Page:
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The Abstract

NC State Hosts NSF Big Data Research Center

Students walk to class between EB1 and EB2 on Centennial Campus.

Editor’s Note: This is a guest post from Darsee Heath in NC State’s College of Engineering.

NC State University has been selected as a new site of the existing Center for Hybrid Multicore Productivity Research (CHMPR). The new NC State site, which opened September 1, is hosted in the Laboratory for Science of Technologies for End-to-End Enablement of Data in the College of Engineering’s Department of Computer Science.

“I am very excited about joining CHMPR, because this happens to be a range of my personal research interests,” said Rada Chirkova, associate professor of computer science and principal investigator for the site. “It’s exciting to be given this great opportunity to work on something you’ve always been interested in.”

The research challenges addressed by CHMPR center around big-data analytics. The new site’s main goal will be to conduct trans-disciplinary translational science and research of enabling better decision making in presence of big data.

CHMPR is part of the Industry–University Cooperative Research Centers Program (IUCRC) supported by the National Science Foundation, which enables industrially relevant, pre-competitive research via multi-member, sustained partnerships between industry, academe, and government. Centers bring together faculty and students from academic institutions with companies, state/federal/local government, and non-profits, to perform cutting-edge pre-competitive fundamental research in science, engineering, and technology areas that are of interest to industry and that can drive innovation and the U.S. economy. Members guide the direction of center research through active involvement and mentoring.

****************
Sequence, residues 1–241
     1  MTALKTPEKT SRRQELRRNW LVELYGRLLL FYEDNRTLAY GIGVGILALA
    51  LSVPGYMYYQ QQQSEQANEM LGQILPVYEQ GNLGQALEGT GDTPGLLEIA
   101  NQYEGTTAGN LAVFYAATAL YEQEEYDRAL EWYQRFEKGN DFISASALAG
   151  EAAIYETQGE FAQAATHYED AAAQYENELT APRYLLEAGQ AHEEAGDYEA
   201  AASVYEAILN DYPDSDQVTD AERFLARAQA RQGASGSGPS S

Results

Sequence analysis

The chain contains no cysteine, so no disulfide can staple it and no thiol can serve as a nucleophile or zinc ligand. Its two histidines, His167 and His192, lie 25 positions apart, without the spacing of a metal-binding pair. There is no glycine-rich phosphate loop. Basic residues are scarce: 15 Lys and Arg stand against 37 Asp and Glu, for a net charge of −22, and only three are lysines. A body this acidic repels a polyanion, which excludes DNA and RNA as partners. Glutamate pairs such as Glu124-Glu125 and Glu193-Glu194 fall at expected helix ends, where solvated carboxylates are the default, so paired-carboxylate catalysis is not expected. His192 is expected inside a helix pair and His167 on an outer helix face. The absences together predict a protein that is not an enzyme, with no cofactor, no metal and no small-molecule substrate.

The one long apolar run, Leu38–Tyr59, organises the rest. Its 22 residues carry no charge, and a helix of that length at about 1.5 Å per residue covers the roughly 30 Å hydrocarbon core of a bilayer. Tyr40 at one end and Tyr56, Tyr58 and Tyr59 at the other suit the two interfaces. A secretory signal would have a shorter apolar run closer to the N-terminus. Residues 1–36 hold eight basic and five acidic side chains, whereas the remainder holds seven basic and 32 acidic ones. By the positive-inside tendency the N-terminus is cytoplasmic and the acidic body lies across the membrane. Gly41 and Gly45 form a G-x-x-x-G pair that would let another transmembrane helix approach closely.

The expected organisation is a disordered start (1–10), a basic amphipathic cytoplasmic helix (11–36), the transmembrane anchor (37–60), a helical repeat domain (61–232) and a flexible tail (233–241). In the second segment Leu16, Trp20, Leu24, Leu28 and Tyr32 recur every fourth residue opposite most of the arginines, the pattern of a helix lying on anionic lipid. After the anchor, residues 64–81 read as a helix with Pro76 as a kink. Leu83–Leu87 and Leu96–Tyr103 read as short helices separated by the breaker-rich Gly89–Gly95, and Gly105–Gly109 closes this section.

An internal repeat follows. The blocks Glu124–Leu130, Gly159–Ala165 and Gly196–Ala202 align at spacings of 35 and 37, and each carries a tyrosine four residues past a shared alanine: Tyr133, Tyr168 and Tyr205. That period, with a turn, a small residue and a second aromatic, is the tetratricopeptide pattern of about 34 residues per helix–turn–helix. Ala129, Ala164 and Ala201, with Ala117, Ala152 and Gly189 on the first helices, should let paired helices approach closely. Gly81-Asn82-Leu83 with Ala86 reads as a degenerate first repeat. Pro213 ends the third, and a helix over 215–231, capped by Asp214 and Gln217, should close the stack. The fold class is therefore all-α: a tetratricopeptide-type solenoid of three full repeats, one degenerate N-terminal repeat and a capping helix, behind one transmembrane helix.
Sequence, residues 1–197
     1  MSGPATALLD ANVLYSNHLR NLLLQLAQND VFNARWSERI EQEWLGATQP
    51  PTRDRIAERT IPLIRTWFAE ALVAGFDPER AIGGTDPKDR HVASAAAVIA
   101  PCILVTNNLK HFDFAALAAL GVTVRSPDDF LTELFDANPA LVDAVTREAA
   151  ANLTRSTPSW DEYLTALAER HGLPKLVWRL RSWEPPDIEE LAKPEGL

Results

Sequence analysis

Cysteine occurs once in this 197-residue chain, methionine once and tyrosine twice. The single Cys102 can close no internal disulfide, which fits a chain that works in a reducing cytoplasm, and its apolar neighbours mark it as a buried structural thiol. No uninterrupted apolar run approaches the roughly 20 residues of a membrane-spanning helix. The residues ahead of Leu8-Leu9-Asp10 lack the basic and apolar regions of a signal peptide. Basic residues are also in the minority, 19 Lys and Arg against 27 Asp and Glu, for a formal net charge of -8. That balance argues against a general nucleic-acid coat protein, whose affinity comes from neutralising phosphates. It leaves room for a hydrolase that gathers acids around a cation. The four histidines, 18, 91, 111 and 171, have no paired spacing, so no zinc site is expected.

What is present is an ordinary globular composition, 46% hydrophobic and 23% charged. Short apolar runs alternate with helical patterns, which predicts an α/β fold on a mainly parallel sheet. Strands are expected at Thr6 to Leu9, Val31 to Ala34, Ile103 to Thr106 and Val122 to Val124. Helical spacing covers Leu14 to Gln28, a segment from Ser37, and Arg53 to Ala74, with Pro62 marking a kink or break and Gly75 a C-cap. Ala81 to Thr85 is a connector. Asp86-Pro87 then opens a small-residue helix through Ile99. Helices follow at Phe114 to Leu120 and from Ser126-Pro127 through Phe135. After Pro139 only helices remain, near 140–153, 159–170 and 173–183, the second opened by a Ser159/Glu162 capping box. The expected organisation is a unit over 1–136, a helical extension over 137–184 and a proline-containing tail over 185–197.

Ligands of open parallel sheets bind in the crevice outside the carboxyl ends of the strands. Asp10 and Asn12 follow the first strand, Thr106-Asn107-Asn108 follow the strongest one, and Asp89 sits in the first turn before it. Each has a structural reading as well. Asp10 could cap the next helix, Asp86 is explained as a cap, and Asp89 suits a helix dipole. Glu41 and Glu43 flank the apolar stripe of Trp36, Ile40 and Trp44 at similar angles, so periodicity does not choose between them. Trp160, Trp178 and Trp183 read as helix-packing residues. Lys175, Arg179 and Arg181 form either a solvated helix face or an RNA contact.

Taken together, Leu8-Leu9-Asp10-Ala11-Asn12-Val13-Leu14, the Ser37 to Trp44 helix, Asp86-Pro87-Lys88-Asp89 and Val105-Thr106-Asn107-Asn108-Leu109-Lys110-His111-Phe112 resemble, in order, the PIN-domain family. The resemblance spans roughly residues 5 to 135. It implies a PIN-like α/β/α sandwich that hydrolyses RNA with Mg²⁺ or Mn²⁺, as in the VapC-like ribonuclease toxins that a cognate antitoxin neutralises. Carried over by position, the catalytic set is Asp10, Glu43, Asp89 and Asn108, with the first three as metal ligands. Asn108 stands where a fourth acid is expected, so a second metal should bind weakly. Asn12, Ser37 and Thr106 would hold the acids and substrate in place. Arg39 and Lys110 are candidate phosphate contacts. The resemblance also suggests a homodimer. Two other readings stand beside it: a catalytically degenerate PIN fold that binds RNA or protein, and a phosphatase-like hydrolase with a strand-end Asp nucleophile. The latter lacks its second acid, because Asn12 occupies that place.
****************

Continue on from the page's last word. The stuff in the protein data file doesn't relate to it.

The CHMPR/NC State effort toward end-to-end enablement of data will focus on developing technologies and tools for bridging the time gap between the acquisition of data and real-time and long-term decision making.

“One very unique thing that is happening is data wrangling – this is really how you prepare data and how you put the data together for your big-data analytics. This is a well-known really hard problem out in the industry,” Chirkova said. “That is a very time-consuming, labor-intensive and expensive part of the process. So whatever can be automated will be welcomed by the industry and government. We try to specialize in this, but will also do the full range of big-data analytics.”

The fundamental research conducted in the CHMPR center is also expected to translate into technologies that will aid industry, federal agencies and government agencies. The delivery of practical solutions to difficult problems will aid in precompetitive research, and will help create forward-oriented opportunities for industry and government.

According to Chirkova, the work being done at NC State complements the research being done in the Center. “At NC State, we are a premier place for data science and big-data analytics; it’s great to know NC State is an asset many people know about.”

CHMPR comprises the University of Maryland, Baltimore County; the University of California, San Diego; the University of Utah; Rutgers University; and, now, NC State. The overall CHMPR program is in the second phase of IUCRC support.

For more information on CHMPR and the semiannual meeting, visit: